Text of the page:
A study on administrative spending at the University of Minnesota said the University isn’t outspending its peers in most areas.
But some have criticized the cost of the study and the fact that much of the data on spending from other institutions is incomplete or estimated — with up to a 25 percent margin of error.
Sen. Terri Bonoff, DFL-Minnetonka, said that while she is glad the University is looking at administrative costs, she was disappointed with the vagueness of the report, which “lacked depth.”
“There’s a couple other firms that they could have used,” said Bonoff, who is chair of the Senate Higher Education and Workforce Development Division. “One of them … does benchmarking for almost all the universities, and they would have had a stronger database for the survey information.”
The 12-week study by Huron Consulting Group was requested by legislators in January after a Wall Street Journal article criticized the University’s administrative spending.
The 175-page report focused on four key areas: finance, human resources, information technology and purchasing processes.
It outlined multiple opportunities for improvement but also noted the University “is already undertaking major initiatives to promote efficiency and effectiveness and to reduce administrative costs.”
Huron praised the University’s budget model in the report, saying it “promotes financial accountability for each unit and campus.”
Mike Schmit, incoming Minnesota Student Association president, said he was pleasantly surprised the study showed the University in a different light than the Wall Street Journal article.
“I do think these steps that the U has been taking are in the right direction,” he said.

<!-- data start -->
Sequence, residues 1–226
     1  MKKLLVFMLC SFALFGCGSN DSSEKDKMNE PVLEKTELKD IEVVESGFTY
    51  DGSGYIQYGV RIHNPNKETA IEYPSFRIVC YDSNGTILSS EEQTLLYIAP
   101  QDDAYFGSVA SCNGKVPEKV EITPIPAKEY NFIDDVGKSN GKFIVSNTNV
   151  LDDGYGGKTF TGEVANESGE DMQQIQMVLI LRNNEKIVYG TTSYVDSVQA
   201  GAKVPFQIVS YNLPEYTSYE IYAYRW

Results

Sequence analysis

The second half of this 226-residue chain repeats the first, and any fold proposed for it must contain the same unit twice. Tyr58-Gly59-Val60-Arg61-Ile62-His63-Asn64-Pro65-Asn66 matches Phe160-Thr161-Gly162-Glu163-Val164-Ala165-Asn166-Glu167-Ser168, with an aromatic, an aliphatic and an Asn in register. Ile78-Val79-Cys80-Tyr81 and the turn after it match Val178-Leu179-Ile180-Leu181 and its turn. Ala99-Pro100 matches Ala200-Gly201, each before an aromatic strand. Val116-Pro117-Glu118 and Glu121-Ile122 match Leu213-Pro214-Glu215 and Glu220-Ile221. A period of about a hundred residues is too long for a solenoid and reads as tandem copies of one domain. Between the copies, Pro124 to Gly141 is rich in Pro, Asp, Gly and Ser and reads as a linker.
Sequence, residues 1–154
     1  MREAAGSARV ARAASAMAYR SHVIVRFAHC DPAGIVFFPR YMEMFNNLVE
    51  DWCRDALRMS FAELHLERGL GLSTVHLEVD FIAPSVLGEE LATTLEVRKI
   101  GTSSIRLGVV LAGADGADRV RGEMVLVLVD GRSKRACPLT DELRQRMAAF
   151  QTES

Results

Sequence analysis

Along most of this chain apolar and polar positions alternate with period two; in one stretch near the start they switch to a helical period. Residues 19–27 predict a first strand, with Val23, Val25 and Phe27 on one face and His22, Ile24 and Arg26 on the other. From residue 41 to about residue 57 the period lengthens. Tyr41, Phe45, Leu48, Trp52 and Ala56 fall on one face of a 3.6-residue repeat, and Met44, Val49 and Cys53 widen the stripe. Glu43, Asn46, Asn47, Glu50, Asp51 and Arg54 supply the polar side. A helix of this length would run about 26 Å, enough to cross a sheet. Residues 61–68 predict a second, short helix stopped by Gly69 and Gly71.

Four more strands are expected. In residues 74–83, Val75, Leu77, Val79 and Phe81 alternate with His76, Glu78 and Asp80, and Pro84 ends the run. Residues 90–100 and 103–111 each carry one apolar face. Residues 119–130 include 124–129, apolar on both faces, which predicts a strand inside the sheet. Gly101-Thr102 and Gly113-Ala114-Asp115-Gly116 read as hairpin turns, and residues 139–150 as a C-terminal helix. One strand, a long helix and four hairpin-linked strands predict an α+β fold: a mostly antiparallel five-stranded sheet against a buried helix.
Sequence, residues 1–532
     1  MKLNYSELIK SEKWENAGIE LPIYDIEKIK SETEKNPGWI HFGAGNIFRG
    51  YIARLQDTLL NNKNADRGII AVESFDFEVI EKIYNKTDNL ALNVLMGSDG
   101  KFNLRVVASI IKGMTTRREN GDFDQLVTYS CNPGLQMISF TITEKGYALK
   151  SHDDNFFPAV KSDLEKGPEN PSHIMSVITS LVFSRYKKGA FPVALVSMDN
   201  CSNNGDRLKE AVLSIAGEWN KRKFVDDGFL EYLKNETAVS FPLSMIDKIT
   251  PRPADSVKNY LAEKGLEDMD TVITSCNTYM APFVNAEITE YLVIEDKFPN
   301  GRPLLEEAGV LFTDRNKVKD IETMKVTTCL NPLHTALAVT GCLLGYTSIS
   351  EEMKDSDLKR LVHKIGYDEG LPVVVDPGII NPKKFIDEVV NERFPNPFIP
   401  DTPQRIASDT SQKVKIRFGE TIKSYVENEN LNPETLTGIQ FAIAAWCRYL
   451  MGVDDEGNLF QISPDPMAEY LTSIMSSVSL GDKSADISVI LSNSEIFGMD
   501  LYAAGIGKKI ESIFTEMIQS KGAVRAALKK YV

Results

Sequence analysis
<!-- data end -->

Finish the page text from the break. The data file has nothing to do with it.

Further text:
One of the main improvement areas the study pointed to was reporting structures between departments. The University — like many public research universities — operates as a collection of departments rather than a “unified enterprise,” the report said.
The study acknowledged changes to the administrative reporting structure that the University has made to date, but it also said there’s more work to be done.
Huron also suggested the University review job classifications and update them to reflect current and accurate expectations for administrators.
But legislators may be looking for bigger changes.
Rep. Gene Pelowski, DFL-Winona, who chairs the Higher Education Finance and Policy Committee, has been critical of the University’s spending in the last year.
“Reduction doesn’t mean reclassification,” he said. “To reclassify someone doesn’t save on a salary. It might, but probably not.”
The cost of carrying out the studies has also been a source of criticism from some legislators.
The Huron study cost the University $495,000, and a similar study released in March by New York-based Sibson Consulting cost $48,000.
The Sibson study found the University’s ratio of managers to employees was high in some areas but adequate in others.
Pelowski has been critical of the University for spending money on something “they should have already known.”
“The U should have this as standard operating practice,” he said.
But Schmit said the report is valuable.
“Spending $495,000 up front to save at least $15 million in the next fiscal year I think is already a pretty good return on our investment,” he said.
Sibson will continue an extended study for the University this year, according to a University press release.
Changes in progress
Huron suggested the University work to increase efficiency in various ways, like transitioning from paper to digital forms, for example.
One way the University is already tackling Huron’s suggestions is through an $83.5 million Enterprise Systems Upgrade Program, which is set to be complete in late 2014 and will combine student information, human resources and finance data into one system.
Regent Abdul Omari voiced concerns that nearly $29 million from the upgrade project is for an outside consulting firm, Atlanta-based CedarCrestone, Inc.
“In my eyes, that seems like a very large number,” he said.
The executive oversight committee said the outside firm was needed because the University doesn’t have the capacity or resources to complete the upgrade on its own.